People who can’t stand physical exercise could at least try to walk or cycle for a quarter of an hour a day. This minimal amount of exercise is enough to noticeably lower their mortality risk, according to researchers at the Taiwanese Institute of Population Science.
Scientists are always telling us that we should get 30 minutes of exercise every day, but the amount of people who actually have the willpower to do so are few and far between. It seems that half an hour of exercise a day is too much to expect from most mortals. So the researchers posed the question as to whether less exercise can also have a protective effect on health.
The researchers tried to answer this question in a study that involved monitoring four hundred thousand Taiwanese for eight years. The researchers divided the participants into five groups according to their exercise regimes.
Movement was converted to the equivalent of walking at a reasonable speed. This meant that the inactive-group walked for less than 15 minutes each day. The low-group walked for about 15 minutes each day, the medium-group for 30 minutes, the high-group for 60 minutes and the very-high-group for two or more hours.
Over the eight-year period, the mortality risk was lower, the more exercise the Taiwanese got. Among those who walked for 15 minutes a day the mortality risk was 15 percent less than among those in the inactive group.
Exercise reduced above all the likelihood of dying from diabetes or cardiovascular disease. For these two causes of death, the people in the very high group were half as likely to die from them compared with those in the inactive group. When it came to cancer, the mortality risk was a quarter less in the very high group than in the inactive group.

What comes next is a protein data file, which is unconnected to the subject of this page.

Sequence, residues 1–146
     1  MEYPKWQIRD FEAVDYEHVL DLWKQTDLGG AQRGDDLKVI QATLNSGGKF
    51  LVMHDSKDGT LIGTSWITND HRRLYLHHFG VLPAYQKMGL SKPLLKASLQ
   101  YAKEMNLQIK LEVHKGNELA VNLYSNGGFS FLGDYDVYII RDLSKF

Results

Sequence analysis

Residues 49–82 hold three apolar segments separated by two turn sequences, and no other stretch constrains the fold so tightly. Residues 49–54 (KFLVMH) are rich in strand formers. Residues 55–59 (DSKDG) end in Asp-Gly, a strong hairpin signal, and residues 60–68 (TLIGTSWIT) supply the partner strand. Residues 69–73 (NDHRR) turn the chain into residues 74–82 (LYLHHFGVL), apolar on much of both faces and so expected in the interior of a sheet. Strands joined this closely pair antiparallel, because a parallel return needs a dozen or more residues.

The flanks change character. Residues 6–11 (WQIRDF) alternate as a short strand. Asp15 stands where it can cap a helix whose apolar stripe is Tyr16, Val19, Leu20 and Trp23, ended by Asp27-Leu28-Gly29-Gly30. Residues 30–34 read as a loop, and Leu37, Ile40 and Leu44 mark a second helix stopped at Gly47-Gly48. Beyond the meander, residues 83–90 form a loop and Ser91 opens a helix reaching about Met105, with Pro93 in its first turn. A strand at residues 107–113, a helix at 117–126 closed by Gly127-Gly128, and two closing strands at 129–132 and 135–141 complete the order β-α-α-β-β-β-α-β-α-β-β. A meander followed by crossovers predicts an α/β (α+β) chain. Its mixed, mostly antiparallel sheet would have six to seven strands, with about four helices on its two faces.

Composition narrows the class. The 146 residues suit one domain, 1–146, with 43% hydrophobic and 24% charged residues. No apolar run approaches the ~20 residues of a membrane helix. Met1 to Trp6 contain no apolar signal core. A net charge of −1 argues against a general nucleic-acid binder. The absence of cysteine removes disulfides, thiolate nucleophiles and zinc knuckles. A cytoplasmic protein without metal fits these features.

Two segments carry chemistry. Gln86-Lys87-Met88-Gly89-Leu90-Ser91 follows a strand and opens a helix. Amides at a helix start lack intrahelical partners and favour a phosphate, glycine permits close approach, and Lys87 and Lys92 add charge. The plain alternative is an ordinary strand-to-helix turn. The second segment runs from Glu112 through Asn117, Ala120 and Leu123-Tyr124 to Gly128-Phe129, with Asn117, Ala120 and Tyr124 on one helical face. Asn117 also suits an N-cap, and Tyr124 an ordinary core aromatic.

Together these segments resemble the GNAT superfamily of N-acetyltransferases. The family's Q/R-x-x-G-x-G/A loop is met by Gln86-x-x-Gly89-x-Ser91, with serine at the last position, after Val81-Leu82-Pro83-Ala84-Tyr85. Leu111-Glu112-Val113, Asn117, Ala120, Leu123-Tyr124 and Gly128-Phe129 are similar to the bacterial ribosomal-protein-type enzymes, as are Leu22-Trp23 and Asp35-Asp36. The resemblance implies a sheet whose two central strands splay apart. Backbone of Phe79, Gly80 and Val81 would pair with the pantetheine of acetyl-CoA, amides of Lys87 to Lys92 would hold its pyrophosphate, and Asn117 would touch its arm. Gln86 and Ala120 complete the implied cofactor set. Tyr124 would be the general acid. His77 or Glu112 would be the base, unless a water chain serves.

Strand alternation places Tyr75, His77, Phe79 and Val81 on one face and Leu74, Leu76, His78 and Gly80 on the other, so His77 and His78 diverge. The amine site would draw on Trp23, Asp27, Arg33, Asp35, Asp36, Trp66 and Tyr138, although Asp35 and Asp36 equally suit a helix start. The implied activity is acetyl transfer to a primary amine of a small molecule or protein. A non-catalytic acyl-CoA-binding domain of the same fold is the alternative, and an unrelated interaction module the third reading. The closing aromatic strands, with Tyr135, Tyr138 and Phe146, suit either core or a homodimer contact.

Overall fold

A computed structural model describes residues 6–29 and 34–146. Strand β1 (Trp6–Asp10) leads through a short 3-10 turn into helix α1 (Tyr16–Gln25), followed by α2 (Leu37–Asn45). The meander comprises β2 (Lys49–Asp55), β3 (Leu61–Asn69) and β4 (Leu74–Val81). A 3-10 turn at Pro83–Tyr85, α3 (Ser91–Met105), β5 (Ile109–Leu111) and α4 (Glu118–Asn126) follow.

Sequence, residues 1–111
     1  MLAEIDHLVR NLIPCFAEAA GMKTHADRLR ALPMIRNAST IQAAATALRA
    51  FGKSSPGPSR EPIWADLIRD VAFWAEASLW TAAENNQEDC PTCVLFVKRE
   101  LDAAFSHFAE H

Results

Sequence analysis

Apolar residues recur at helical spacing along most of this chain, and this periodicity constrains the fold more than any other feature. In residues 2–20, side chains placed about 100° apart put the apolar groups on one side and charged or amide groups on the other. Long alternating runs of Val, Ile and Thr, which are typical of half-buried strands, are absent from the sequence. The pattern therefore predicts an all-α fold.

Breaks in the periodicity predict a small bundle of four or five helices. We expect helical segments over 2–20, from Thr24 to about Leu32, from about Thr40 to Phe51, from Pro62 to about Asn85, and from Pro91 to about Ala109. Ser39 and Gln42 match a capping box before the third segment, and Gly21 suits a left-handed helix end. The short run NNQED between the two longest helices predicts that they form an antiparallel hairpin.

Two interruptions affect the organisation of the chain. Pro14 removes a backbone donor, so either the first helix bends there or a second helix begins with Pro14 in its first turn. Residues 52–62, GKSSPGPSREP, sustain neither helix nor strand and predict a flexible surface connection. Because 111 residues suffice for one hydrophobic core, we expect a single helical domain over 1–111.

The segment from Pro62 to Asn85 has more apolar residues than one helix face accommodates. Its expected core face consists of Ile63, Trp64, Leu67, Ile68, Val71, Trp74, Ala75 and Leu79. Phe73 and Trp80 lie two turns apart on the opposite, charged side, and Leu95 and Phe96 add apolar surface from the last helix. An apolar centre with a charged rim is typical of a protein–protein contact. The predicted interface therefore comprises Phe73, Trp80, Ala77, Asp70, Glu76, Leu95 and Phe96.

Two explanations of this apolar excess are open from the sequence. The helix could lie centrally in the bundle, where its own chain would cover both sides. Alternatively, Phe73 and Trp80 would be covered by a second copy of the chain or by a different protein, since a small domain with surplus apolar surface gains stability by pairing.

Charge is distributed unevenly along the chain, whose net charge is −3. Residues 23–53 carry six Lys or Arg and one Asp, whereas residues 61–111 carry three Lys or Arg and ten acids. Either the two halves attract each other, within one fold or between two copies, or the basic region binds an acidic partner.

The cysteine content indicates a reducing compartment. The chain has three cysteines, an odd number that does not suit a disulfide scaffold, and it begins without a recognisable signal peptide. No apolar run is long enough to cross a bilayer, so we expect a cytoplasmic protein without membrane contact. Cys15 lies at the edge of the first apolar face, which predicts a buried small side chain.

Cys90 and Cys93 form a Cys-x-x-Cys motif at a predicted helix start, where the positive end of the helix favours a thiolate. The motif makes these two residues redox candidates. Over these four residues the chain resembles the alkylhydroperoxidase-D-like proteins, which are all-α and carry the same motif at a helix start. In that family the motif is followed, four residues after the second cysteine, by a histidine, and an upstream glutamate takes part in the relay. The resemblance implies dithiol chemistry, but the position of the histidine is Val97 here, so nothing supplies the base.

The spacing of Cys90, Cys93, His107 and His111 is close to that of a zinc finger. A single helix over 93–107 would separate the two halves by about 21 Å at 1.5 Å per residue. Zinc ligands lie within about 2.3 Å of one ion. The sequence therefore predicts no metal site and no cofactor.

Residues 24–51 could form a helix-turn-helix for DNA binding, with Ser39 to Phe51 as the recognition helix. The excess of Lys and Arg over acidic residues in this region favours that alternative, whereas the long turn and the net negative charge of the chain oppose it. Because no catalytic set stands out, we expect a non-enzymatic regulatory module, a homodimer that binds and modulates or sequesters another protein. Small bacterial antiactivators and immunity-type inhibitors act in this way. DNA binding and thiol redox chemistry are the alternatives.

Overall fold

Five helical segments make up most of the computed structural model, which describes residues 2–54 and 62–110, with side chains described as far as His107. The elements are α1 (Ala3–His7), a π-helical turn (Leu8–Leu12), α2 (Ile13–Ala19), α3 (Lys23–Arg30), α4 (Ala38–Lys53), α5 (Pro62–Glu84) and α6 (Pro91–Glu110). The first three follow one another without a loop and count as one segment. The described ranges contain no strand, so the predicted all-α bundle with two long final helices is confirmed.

The miniscule amount of exercise of 15 minutes a day lowered the mortality risks in all population groups the researchers could think of: young people, old people, smokers, drinkers, those with high blood pressure, diabetics…
For the Taiwanese that get 15 minutes a day of exercise, then each extra 15 minutes of exercise reduces their mortality risk by four percent, and their likelihood of dying from cancer by one percent. “Our results suggest that one in nine deaths from cancer in individuals in the inactive group could have been averted if they did 15 min of moderate-intensity daily exercise”, the researchers write.
The maximum effect of moderate-intensive exercise is reached at 2 hours per day. Exercising for longer, as far as the researchers could tell from the data they collected, does not offer more protection.
Vigorous physical activity, such as running, is more effective than moderately vigorous activity. The protective effect of vigorous activity reaches its maximum at one hour a day.
“The minimum amount of exercise reported in this study is half of that recommended worldwide, but individuals are more likely to do 15 min of daily exercise than 30 min of daily exercise”, the researchers conclude. “Furthermore, once an individual does 15 min of daily exercise regularly, they might be more likely to increase the amount of time they spend exercising per day. With this potential increase in exercise in mind, a recommendation of 15 min of daily exercise should be promoted to east Asian populations.”
Lancet. 2011 Oct 1;378(9798):1244-53.